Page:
The University is kicking off the public phase of its latest fundraising campaign, the first phase of which began during the 2008 fiscal year. During the first phase, called a “quiet” or “nucleus” phase, administrators solicited donations from members of the University community and received over $270 million. The goal for the entire campaign, scheduled to last approximately eight years, is to raise $400 million. Over half of the money raised will go into the University’s endowment.
The campaign’s theme, “This is Why,” is meant to encourage donors to think about why one might donate to the University.
“Instead of us telling students, alumni, and parents why they should support the University, they should tell us why they care about Wesleyan,” said President Michael Roth. “They might say, ‘I don’t like what the administration’s doing, but this is why I love Wesleyan,’ or maybe, ‘Because I’m on the volleyball team, this is why I love Wesleyan.’ Someone else might say, ‘This is…because of the lab work I did,’ and someone else will say, ‘It’s because I met my spouse there.’ We don’t need to homogenize it into a single stream.”
Manager of Media Relations and Public Relations Katherine Carlisle explained that while the bulk of the money raised will be put toward financial aid, many aspects of University operations will benefit from the donations.
“It will help support recruiting faculty who are the best and the most talented, which is what we want to have working here,” Carlisle said. “[It will] also help support a lot of the programs that are very important to Wesleyan: the interdisciplinary programs, research funding, stipends for internships, and other types of student engagement which Wesleyan is known for.”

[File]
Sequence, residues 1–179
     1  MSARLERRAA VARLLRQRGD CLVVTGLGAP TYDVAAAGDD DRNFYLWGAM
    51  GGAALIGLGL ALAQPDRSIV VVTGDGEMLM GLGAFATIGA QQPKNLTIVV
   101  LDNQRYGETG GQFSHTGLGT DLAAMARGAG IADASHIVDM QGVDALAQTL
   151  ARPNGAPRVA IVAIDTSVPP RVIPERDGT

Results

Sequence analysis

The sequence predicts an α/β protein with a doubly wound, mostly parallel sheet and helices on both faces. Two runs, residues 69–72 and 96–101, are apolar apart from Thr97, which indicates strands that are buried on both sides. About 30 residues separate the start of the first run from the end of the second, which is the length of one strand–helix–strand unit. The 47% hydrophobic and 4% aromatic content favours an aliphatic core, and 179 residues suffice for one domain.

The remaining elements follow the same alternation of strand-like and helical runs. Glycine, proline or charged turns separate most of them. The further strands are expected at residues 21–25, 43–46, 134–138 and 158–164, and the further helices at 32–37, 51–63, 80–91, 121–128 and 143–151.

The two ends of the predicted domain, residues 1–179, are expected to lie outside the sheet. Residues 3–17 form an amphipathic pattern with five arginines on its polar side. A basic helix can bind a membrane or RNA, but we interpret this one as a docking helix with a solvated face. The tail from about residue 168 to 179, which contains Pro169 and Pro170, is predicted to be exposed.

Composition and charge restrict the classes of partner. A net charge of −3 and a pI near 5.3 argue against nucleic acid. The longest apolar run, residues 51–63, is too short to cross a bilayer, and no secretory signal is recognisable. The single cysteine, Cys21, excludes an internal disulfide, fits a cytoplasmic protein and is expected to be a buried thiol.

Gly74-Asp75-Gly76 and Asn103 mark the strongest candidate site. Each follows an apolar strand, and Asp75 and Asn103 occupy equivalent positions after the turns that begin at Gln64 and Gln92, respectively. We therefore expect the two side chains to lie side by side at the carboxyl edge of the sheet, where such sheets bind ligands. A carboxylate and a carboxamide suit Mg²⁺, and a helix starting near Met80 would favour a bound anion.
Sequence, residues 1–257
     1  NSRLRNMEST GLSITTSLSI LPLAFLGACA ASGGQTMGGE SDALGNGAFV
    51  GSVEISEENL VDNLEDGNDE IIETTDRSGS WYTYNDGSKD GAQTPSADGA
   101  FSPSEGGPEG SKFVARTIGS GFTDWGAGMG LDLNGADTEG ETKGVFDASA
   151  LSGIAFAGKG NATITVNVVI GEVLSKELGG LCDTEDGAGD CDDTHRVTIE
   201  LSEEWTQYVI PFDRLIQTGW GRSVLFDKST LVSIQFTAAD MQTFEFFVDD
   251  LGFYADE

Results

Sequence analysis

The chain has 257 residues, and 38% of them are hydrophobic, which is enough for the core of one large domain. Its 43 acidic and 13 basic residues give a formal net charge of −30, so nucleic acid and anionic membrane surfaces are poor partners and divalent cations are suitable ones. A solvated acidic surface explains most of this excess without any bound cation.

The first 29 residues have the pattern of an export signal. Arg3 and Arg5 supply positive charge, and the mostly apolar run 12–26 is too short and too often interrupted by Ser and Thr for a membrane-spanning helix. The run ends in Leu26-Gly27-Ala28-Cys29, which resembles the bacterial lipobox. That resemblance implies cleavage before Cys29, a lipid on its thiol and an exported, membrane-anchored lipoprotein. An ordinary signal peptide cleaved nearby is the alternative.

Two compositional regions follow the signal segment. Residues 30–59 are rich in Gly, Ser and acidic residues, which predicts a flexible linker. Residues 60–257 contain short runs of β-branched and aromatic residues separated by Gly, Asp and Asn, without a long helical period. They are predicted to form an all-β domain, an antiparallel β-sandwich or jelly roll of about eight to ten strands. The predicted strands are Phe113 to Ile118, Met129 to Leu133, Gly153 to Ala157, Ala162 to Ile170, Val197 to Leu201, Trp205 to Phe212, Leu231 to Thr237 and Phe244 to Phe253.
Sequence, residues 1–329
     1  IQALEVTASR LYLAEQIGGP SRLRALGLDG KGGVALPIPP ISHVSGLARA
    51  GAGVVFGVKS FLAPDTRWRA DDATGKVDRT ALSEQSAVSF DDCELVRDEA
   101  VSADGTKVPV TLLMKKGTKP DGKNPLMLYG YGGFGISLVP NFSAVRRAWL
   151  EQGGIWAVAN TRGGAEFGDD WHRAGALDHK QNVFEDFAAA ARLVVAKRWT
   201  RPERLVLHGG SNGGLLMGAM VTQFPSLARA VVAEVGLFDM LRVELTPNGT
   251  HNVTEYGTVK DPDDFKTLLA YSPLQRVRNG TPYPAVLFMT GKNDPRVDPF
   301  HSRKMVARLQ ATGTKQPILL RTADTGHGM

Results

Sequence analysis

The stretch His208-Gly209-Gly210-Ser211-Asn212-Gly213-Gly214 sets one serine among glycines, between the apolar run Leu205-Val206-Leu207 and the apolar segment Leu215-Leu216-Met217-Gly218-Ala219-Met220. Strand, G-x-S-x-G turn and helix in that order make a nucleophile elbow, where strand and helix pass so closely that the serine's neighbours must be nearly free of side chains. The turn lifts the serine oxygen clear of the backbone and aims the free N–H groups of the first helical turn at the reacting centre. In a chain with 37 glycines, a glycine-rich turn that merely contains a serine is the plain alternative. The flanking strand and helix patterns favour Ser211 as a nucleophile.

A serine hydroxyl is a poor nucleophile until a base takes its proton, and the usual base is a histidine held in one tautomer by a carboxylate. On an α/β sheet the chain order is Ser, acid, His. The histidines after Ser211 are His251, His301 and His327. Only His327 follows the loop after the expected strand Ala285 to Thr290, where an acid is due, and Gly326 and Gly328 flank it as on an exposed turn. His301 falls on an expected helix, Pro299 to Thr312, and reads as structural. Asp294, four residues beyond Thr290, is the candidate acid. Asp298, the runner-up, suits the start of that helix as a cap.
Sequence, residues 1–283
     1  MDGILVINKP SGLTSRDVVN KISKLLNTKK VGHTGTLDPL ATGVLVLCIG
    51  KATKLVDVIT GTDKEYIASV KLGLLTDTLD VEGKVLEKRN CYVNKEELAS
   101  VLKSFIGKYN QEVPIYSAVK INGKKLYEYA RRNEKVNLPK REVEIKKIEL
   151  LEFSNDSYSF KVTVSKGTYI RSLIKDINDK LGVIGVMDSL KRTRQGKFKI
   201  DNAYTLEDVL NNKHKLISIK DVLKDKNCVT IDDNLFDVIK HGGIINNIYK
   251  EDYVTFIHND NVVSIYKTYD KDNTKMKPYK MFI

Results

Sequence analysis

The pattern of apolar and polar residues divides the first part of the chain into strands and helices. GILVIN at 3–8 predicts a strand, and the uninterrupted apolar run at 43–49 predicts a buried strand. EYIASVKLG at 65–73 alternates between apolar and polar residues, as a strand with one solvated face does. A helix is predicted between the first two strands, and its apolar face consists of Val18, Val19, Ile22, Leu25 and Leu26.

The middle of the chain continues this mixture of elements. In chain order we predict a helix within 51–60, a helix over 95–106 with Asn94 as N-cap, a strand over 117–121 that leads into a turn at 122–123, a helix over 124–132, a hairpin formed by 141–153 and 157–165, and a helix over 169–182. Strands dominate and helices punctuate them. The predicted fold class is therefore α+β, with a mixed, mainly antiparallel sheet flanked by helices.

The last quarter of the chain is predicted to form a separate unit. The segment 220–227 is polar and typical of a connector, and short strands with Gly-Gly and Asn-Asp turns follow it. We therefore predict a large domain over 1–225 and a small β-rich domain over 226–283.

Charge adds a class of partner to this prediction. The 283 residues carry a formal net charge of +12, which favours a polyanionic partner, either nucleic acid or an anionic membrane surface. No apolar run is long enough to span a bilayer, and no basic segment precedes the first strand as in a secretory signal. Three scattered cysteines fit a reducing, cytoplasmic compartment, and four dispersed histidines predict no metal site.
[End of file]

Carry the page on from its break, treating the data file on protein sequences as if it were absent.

Carlisle and Roth explained that when planning the campaign, administrators decided against some more standard approaches to fundraising.
“When we started talking about this as a campaign, the issue that arose pretty quickly was that campaigns are marches, parades of people singing the same songs, wearing the same clothes,” Roth said. “This kind of doesn’t really work at Wesleyan. When we talked to our consultants about how to do this public phase...[they really thought] that Wesleyan would be better served by a campaign made by the constituents of the University rather than made by the administration or by a consultant.”
In a search for a new style of fundraising, Roth explained, campaign planners decided on the “This is Why” theme in order to elicit vocal support from donors.
“The support has been really encouraging,” Roth said. “There are people who are upset about need-blind. There are other people who are upset the football team hasn’t won enough games. There are lots of reasons not to give, but so many people are, in fact, supporting the University.”
Roth said that the University has decided against having an expensive launch party or sending “glossy” pamphlets to potential donors.
“It’s a little bit of an un-campaign,” Carlisle said. “It’s not traditionally the way a lot of our peer institutions have a somewhat more traditional approach to fundraising. This one has a lot more Wesleyan feel and appeal to it.”